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Friday, November 28, 2014

Bike accidents in Cambridge, MA 2010-2013 #2

I'm continuing to think about the "contest" from Open Data Discourse.  I managed to deal with the sunset data and also processed the data so I can geocode in QGIS.  First result: 4PM to 7PM, Monday through Friday.  Not unexpectedly, nearly all of the accidents are on the major commuting routes.  It thins out if you look at the same period but for after sunset:



If you look at the after work commuting hours after sunset, you see that most accidents are on Mass Ave and the major routes leading into, and in, Inman Square but the density is far less.



The short answer, so far: riding at night, on major commuting routes is probably a less than safe time and place to ride but accidents happen during daylight.

Sunset times were derived from here but I used only 2010 data, which is within 1 minute for times for other years.  I used this site for timing of daylight savings time for the 4 years.

The table is here, if you want to look at it directly.

See the first post on mapping bike accidents here.

Two thoughts about the data.  1) these are reported accidents only.  I don't have any idea of what accidents are not reported and there are certainly no near misses in this dataset and  2) I noticed a significant (so significant that I remembered it from 3 years ago) accident at the corner of Mass Ave and Vasser.  This accident was not in the data set.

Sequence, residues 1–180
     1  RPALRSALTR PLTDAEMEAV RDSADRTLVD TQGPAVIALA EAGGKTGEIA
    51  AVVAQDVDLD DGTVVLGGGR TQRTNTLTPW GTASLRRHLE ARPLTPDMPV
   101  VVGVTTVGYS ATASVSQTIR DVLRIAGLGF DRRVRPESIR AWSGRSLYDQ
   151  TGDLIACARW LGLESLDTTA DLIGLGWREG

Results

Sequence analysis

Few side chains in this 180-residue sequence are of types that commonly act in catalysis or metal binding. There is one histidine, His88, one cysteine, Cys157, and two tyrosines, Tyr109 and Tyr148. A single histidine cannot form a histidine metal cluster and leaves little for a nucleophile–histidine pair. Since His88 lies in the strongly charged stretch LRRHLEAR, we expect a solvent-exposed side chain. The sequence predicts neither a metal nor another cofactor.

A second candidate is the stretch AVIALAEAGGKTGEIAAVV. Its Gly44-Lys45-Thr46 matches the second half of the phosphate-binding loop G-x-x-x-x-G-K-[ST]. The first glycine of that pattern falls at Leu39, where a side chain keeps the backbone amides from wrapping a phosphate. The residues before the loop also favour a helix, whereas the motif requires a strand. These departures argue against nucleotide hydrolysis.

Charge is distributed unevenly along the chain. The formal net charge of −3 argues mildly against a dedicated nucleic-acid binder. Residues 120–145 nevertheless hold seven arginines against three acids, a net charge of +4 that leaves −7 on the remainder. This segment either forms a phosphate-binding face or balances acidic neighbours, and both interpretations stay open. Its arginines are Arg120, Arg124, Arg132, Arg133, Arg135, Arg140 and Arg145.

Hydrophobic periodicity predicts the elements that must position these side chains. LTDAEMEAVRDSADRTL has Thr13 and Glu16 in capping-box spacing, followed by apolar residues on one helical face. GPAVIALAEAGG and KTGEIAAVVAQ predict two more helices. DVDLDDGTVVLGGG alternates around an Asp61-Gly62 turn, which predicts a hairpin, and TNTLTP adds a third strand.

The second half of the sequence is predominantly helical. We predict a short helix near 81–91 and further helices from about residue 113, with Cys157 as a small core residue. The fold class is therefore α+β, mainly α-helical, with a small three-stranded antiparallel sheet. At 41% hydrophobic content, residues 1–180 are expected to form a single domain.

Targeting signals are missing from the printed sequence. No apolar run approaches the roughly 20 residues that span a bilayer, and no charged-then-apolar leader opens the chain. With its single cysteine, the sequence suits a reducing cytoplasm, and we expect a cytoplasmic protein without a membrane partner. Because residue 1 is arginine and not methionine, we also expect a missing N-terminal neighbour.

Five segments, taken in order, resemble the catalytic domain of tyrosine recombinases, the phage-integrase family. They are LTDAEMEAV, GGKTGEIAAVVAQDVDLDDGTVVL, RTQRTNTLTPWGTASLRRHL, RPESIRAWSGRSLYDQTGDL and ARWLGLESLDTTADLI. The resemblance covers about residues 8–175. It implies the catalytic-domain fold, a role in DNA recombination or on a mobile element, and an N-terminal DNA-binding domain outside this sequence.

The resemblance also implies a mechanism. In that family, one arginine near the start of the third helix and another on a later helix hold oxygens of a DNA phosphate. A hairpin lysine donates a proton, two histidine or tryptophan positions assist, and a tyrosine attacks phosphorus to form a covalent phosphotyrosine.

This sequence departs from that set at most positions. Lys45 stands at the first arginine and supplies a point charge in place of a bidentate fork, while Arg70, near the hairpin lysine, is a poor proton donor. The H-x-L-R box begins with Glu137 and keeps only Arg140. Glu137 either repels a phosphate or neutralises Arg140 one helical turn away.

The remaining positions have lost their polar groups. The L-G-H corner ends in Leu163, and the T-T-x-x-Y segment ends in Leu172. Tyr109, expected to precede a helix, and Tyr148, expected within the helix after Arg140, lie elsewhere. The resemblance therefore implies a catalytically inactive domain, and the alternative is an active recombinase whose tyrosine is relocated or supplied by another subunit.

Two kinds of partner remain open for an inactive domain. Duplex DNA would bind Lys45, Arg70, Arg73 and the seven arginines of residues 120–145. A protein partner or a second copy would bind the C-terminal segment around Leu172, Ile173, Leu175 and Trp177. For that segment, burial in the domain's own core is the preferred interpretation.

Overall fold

More later.


Tuesday, November 25, 2014

Mapping Cambridge, MA Bicycle Accidents (1 of many), raw data

Open Data Discourse has a contest to best represent accident data in Cambridge, MA from 2010 to 2013 in an effort to improve safety in our fair city.  I'm interested in bicycle accidents although the data includes car/car and car/pedestrian accidents.  You can find their contest here, for now.  I downloaded the data and put it in a Google Fusion Table for now.  It looks like this:



There are 765 records.  You can see one errant point in Somerville, which is supposed to be at the intersection of Parker and Cambridge Streets (and this doesn't exist - I think this should be the intersection of Parker and Concord).  Clicking on the points show you the time and what "objects" were involved.  There is an object 1 and object 2.  I presume these mean that the object 1 crashed into object 2 but that isn't clear.  There are 26 cases of bikes crashing into other objects, including one case of a bike crashing into another bike and other cases where bikes crash into parked cars, among other objects.

The points were geocoded by Google, which is a feature of Fusion Tables.  When a street address is available, the point maps to the center of the nearby land parcel.  When the location is an intersection, the point maps to the center of the intersection.